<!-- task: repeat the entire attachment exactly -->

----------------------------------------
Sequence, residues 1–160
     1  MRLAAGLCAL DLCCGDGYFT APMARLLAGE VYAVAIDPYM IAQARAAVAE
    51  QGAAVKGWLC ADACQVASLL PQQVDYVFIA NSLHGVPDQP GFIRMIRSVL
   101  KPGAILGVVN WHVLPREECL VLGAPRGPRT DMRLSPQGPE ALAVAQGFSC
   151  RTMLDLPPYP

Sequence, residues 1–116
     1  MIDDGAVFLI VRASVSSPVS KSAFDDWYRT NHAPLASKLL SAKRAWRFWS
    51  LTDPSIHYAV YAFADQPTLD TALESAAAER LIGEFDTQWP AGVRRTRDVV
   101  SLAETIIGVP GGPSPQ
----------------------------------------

Sequence, residues 1–160
     1  MRLAAGLCAL DLCCGDGYFT APMARLLAGE VYAVAIDPYM IAQARAAVAE
    51  QGAAVKGWLC ADACQVASLL PQQVDYVFIA NSLHGVPDQP GFIRMIRSVL
   101  KPGAILGVVN WHVLPREECL VLGAPRGPRT DMRLSPQGPE ALAVAQGFSC
   151  RTMLDLPPYP

Sequence, residues 1–116
     1  MIDDGAVFLI VRASVSSPVS KSAFDDWYRT NHAPLASKLL SAKRAWRFWS
    51  LTDPSIHYAV YAFADQPTLD TALESAAAER LIGEFDTQWP AGVRRTRDVV
   101  SLAETIIGVP GGPSPQ